|Openness and appearances||Majken Connor||3/4/12 9:21 AM|
I want to bring up a touchy subject, but please know I'm not trying to
attack. The problem is I can think of 5 very recent to fairly recent
examples where engagement has asked for feedback, or received feedback and
then ignored it ("thanks for the feedback, but we're going to stick with
what we've got"). I'm assuming the problem is just how the feedback is
discussed and not that the feedback isn't actually being taken into
Take the new name for Persona themes:
It looks really bad to have a poll then ignore the results of the poll. If
skins is bad, why was it included in the poll? Why weren't the reasons it
was bad shared? Not sharing the reasons makes it look like the poll was for
show, and engagement did what they were going to anyway. I am NOT
suggesting this is what happened (though that's a much bigger problem if it
is) just that it really _looks_ that way when there is no further dialogue.
I think maybe people are trying to avoid bikeshed arguments, and I know you
can't please everyone all the time, so you can't engage until everyone is
happy, but this is part of Mozilla, and part of being open. Put all the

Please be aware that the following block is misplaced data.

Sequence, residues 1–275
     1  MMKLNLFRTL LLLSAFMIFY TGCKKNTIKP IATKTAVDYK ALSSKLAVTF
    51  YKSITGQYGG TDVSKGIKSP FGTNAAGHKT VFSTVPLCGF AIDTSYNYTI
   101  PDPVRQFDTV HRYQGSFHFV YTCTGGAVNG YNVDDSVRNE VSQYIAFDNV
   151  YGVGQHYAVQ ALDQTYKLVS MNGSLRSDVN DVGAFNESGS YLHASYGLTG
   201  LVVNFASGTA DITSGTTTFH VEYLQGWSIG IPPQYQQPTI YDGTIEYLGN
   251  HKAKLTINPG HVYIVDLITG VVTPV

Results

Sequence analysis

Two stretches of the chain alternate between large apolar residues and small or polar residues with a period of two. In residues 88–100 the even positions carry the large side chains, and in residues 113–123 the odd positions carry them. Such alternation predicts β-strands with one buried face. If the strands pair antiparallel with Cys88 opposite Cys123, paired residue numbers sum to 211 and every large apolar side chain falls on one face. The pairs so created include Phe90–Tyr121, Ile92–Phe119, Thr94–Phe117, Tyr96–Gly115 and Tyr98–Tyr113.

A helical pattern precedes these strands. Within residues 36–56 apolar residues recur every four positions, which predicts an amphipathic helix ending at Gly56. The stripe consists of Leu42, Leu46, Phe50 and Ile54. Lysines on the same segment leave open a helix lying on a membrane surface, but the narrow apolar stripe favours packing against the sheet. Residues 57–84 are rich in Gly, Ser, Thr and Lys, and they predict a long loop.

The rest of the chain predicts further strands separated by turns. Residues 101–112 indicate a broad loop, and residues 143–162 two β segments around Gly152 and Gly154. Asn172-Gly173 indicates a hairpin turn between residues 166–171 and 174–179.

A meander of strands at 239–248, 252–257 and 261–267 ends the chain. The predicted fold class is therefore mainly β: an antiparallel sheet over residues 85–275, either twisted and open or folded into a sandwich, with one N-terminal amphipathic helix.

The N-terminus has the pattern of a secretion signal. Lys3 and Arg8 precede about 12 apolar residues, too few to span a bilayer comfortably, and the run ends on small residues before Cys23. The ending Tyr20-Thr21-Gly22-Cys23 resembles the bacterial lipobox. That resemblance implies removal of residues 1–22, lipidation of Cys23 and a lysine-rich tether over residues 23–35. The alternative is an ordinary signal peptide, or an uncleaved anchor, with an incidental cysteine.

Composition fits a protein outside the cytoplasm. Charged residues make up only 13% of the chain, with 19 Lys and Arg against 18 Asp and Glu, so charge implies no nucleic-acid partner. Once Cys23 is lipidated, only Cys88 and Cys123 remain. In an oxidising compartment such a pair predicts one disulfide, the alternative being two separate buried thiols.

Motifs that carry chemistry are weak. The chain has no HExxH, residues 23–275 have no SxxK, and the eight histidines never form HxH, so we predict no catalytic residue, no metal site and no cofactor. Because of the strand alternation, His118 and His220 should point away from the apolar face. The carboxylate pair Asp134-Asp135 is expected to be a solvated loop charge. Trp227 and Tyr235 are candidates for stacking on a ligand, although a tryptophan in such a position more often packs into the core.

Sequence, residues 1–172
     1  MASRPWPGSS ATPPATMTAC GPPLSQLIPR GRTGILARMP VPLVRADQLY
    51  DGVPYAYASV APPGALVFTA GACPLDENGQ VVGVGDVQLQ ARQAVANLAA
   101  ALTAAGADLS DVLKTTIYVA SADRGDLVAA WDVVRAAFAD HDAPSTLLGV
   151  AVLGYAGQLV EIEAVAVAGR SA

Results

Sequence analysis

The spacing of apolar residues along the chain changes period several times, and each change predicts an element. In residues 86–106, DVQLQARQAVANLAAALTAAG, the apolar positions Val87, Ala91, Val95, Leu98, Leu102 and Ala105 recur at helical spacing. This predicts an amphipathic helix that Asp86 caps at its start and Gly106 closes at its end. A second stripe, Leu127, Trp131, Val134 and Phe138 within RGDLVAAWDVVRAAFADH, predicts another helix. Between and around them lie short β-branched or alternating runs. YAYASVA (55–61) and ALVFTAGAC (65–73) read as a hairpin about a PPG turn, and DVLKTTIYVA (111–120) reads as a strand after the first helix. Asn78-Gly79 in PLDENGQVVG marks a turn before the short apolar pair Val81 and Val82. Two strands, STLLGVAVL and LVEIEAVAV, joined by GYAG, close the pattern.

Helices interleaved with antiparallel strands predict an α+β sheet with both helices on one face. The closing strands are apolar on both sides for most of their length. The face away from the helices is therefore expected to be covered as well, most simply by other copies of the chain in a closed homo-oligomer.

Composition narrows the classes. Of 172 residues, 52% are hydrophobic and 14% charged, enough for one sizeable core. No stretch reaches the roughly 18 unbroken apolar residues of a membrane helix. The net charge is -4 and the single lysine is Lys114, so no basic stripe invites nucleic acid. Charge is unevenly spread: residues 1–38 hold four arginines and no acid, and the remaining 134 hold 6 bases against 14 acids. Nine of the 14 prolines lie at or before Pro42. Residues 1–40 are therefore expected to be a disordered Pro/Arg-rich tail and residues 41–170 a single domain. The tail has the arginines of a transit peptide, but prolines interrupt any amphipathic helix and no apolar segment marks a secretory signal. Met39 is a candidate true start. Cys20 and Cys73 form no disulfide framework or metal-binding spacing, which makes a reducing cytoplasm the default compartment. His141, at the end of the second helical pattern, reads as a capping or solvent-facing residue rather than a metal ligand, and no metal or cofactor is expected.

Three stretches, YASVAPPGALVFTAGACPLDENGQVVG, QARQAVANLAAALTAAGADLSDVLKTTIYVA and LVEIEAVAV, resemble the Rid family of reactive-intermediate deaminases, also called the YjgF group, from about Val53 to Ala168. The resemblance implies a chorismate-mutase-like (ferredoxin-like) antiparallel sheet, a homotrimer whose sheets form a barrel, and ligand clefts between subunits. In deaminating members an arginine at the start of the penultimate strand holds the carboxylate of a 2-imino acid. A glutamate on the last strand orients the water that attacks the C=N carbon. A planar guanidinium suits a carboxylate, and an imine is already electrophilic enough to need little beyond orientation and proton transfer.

information out there before moving on. If it was the right decision the
(vast?) majority of people will understand if you show them how you came to
the decision. There was a similar problem with renaming Identity to
Persona. Without knowing what suggestions were passed over and why, it's
_impossible_ for people to understand how Persona won given their
objections. The assumption from an onlooker is that you don't share the
other possibilities because people might like them better and then not
accept Persona. Though I know it's not necessarily traditional to consult
before naming a product, so that might need to be pointed out as well.
It's hard for me to understand that skin isn't the right word since this is
the industry word for the physical equivalent. You get a skin for your
iPhone, a gelaskin for your laptop. Given what I already know, it's not a
matter of not trusting engagement, it's that engagement is telling me
something that is the opposite of my current knowledge. I do think themes
works out so that's not quite the point here. It's just more the order of
If you look at the comments from Amy's post, JanW suggests calling personas
"toolbar backgrounds" and IMO that hits the nail on the head. I think this
would be clear to users since they usually know what toolbars are and makes
a perfect distinction between the two types of themes. Even if it's not
chosen, hopefully it (and the other comments) can be taken into
consideration and/or addressed.
|Re: Openness and appearances||Robin Monks||3/4/12 10:15 AM|